It's unfortunate, but true, the word racism and Nova Scotia have always gone hand and hand. From the Africville days to current times, the stench of bigotry has been in the air since forever.
Racism comes in many forms and fashions, ignorance doesn't really hold back or set limitations. The criminalization and high rates of incarceration among African Nova Scotians are real statistic's. In the most recent carding survey within HRM, it's reported that African Nova Scotians are 3 times more likely to be stopped by the police than white people in the region. The province of Nova Scotia really doesn't think this is a problem, but half the people being carded don't even have criminal records. That's definitely a problem for the African Nova Scotian community.
So as long as we're dealing with systemic racism issues, we're definitely going to be dealing with racism on an everyday level. The issue Lance Sparks had with someone scrawling a racial slur on the hood of his car, wasn't handled the best way.
Every single day, someone is faced with some sort of racism, it's just an unfortunate fact that we have to be aware of. It isn't even surprising anymore when I see these stories in the paper. African Nova Scotians deal with these issues too often, but this is the world we live in!
I was more surprised that Lance Sparks hasn't been through a racial issue of this degree in 12 years! I quote Lance Sparks when he spoke of his students,
I have to say, it threw me off a little, the way the article in the news ended! But I also see It as a great learning tool, when you read between the lines. Sometimes people need to look at situations from another persons point of view, for example the children. Those same children face racism in their everyday lives too, on so many levels.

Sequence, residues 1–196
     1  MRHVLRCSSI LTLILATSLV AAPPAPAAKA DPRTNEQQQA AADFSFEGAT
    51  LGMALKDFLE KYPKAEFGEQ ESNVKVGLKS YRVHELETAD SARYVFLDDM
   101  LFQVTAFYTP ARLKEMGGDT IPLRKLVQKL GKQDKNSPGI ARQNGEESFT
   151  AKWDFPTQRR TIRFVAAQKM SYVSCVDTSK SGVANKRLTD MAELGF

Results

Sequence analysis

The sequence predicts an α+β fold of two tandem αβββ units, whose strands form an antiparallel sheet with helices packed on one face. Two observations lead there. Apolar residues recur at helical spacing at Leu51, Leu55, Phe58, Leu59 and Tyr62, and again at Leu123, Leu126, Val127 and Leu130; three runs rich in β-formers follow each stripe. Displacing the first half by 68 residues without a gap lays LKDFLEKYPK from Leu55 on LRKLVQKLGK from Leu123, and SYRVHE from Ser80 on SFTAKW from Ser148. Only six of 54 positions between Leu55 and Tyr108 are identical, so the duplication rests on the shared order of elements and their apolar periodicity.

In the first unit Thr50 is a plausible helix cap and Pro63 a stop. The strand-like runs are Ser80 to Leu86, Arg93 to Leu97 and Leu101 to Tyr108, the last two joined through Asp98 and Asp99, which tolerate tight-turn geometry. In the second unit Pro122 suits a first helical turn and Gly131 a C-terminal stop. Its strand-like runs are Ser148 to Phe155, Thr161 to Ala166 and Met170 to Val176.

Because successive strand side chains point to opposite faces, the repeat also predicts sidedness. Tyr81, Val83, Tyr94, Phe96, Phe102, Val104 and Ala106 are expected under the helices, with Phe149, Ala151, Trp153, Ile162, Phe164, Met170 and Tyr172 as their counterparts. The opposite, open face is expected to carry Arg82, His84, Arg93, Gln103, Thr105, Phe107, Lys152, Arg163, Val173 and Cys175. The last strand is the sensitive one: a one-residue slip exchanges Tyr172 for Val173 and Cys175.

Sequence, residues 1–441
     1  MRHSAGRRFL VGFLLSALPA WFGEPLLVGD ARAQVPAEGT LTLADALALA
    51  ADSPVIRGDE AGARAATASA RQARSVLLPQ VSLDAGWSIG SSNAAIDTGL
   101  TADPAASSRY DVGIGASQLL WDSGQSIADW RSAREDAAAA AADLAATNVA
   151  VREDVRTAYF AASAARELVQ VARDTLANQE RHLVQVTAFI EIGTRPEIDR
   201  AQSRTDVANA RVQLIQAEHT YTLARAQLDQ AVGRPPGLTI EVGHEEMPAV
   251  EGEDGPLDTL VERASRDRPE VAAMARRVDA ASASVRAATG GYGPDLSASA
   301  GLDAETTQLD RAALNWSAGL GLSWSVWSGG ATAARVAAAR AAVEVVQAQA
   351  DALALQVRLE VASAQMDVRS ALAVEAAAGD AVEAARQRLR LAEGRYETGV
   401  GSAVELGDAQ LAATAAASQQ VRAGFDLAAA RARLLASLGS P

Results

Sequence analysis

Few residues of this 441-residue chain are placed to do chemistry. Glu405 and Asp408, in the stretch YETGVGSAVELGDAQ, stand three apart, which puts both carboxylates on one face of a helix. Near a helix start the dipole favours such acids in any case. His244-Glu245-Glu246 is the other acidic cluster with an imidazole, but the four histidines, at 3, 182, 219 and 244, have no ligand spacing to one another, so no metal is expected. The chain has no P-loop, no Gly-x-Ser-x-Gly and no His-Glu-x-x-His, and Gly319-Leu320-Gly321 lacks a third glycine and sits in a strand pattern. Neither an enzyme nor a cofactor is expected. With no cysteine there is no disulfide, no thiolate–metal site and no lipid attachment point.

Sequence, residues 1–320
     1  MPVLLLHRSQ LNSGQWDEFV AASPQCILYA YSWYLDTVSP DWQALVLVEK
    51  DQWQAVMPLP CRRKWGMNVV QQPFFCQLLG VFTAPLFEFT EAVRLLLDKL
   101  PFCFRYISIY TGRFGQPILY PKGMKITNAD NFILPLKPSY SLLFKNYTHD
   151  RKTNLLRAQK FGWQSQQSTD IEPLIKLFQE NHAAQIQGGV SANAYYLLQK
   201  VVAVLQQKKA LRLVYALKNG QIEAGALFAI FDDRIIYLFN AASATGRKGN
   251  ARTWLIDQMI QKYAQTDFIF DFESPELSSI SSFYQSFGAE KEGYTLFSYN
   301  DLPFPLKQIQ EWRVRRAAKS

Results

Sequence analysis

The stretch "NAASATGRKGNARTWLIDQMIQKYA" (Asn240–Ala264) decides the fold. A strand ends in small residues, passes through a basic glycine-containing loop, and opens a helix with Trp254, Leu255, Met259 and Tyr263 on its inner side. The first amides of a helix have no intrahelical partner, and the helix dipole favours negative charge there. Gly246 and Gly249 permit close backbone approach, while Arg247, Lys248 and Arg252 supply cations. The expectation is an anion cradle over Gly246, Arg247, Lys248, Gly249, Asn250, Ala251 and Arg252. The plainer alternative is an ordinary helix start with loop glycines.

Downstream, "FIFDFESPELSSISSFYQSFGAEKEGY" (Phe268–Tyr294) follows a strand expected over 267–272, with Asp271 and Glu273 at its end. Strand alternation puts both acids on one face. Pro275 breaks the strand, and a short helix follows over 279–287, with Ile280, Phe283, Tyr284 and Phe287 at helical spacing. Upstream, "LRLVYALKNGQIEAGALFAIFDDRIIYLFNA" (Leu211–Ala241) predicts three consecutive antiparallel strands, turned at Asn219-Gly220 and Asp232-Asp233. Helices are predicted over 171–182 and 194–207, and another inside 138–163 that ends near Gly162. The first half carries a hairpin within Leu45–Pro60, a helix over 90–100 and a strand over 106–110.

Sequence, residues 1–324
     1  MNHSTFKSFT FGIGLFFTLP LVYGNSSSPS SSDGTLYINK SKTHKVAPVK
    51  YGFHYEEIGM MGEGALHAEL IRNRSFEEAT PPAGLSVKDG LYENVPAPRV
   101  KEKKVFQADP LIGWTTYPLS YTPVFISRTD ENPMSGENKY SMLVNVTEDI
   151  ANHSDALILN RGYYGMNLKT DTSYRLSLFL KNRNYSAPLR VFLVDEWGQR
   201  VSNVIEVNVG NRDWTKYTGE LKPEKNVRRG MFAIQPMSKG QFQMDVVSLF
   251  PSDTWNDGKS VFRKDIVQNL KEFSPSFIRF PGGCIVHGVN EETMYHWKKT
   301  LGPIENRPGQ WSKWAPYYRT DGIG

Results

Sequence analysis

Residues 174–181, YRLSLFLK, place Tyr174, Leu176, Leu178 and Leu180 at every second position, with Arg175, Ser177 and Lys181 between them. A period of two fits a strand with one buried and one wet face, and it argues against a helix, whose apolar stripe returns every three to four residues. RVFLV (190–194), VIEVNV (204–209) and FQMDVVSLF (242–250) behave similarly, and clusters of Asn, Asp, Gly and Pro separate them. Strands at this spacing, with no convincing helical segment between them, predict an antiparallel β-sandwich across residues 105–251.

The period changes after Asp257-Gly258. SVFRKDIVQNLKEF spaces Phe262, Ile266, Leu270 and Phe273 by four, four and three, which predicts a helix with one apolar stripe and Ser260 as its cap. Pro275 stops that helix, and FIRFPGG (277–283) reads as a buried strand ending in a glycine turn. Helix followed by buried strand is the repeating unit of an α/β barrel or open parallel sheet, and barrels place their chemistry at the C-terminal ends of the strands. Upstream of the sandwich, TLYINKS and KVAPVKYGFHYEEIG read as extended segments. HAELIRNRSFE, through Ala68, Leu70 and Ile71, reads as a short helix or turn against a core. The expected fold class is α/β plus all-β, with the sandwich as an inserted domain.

I also know from my own personal experiences, that when you face racism early and often, you start to become numb to it, and it really doesn't affect you as much! The best analogy I can use is, it's like getting punched in the face. The first time you get punched in the face, you don't know how to feel. It's surprising, it can hurt both physically, and mentally, or you might not feel any of these things. But, if you keep getting punched in your face, it starts to be less surprising, doesn't hurt as much, and life goes on.
Also, some people don't know how to speak about that type of situation. Not everyone is a social activist, and it's really not their responsibility anyway. Hey coach, just because the black high school kids were not the first kids to text you, it doesn't mean they don't have your back! All it means is they were not the first people to text you!
After reviewing the security tapes from the school, it was found the writing on Mr. Sparks vehicle, didn't even happen on school property. It's horrible that it happened, but also, it's good that it didn't happen on school property!
They say, it takes something to happen for people to learn, and this situation definitely qualifies as something. After going through this situation Mr. Sparks now sees there is more he can do for his community. That can never be a bad thing. Let's empower our youth, and use this as a teaching tool.
Here is what I took from the story...
One racist action, can affect more people than the person it was intended to hurt! Look how many people have a part in this situation. Coach Lance Sparks, the Dartmouth High School basketball team, Dartmouth High School, the police, and even more people than that.
But the situation serves as a great segway to speak about racism in a constructive way. Lance Sparks had his eyes opened in a real way, and with the opportunity he has to engage with the youth through the Dartmouth High School, he has a chance to make a real difference.
So hopefully, this negative situation, can be used to create a positive conversation on how to deal with racism, especially for the kids sake!